Eldorado’s infamous history began in 1866 with the discovery of traces of gold on a farmer’s land in a remote area of Hastings County. An instant town, consisting of about 80 buildings, sprang up almost overnight as the entire county suffered a rabid attack of gold fever. The small hamlet quickly acquired four hotels, three stores, a post office, and not surprisingly, a lawyer.
The mine turned out to be a bust. There was no actual vein, merely small, sporadic, isolated deposits. The would-be millionaires cut their losses and bailed out as quickly as they came. It was over for the mine by 1869.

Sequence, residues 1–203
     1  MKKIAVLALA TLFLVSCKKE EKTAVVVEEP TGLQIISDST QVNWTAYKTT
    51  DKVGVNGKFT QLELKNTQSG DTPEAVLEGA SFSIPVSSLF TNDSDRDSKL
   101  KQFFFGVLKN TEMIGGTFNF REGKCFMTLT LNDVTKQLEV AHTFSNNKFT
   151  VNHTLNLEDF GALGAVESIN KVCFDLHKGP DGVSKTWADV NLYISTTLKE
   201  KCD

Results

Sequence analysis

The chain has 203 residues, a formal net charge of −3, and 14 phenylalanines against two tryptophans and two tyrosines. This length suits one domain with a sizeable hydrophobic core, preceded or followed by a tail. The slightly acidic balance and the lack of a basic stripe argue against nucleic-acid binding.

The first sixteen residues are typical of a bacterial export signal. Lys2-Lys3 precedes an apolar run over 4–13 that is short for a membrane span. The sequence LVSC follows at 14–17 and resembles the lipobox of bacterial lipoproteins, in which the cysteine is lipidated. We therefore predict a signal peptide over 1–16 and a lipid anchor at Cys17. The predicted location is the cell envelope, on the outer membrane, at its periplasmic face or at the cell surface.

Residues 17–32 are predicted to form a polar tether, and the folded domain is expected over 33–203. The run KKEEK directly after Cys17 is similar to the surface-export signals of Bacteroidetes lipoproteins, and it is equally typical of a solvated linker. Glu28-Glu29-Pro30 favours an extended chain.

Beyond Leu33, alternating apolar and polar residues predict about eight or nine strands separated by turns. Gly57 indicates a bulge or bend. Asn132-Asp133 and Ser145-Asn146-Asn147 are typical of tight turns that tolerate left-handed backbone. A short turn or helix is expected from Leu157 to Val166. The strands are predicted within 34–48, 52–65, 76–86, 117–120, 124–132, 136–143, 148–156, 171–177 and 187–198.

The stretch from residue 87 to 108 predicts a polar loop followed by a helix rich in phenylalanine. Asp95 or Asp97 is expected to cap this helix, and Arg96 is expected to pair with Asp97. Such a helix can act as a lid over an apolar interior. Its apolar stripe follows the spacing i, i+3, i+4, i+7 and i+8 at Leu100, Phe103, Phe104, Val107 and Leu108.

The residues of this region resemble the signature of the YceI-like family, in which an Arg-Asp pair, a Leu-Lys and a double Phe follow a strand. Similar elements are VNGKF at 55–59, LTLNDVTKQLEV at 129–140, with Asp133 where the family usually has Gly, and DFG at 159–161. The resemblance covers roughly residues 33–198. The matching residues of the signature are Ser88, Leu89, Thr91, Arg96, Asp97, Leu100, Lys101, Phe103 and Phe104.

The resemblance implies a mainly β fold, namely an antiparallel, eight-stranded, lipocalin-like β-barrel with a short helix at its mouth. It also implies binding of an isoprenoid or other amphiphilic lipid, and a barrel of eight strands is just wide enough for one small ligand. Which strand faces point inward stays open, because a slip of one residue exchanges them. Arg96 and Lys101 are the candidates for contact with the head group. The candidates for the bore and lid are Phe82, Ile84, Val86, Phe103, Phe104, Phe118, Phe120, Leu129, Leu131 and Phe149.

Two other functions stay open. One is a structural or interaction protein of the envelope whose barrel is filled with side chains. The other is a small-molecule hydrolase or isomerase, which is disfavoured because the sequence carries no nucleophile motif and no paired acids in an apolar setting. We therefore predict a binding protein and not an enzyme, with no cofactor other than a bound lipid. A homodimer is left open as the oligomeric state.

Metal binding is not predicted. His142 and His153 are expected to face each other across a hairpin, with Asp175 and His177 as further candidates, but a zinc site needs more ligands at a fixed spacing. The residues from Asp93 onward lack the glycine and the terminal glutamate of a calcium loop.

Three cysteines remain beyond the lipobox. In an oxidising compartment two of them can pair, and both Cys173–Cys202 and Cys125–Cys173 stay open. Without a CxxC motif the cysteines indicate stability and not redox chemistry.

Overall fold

Eldorado managed to reinvent itself and thrive for many years. Following the arrival of the Central Ontario Railway (COR) around 1882, Eldorado received an important designation as a junction point the COR and Grand Trunk Railway (GTR). Three churches quickly sprang up. Later industries included a cheese factory, shingle mill and box factory.
Eldorado still exists today as a small rural backwater with a few residents. It’s beginning to show signs of rejuvenation. One of the early stores still stands. It’s partly occupied and attractively renovated. Sadly the cheese factory, a victim of a declining industry, closed in 2011. The building still stands, vacant and for sale. Learn more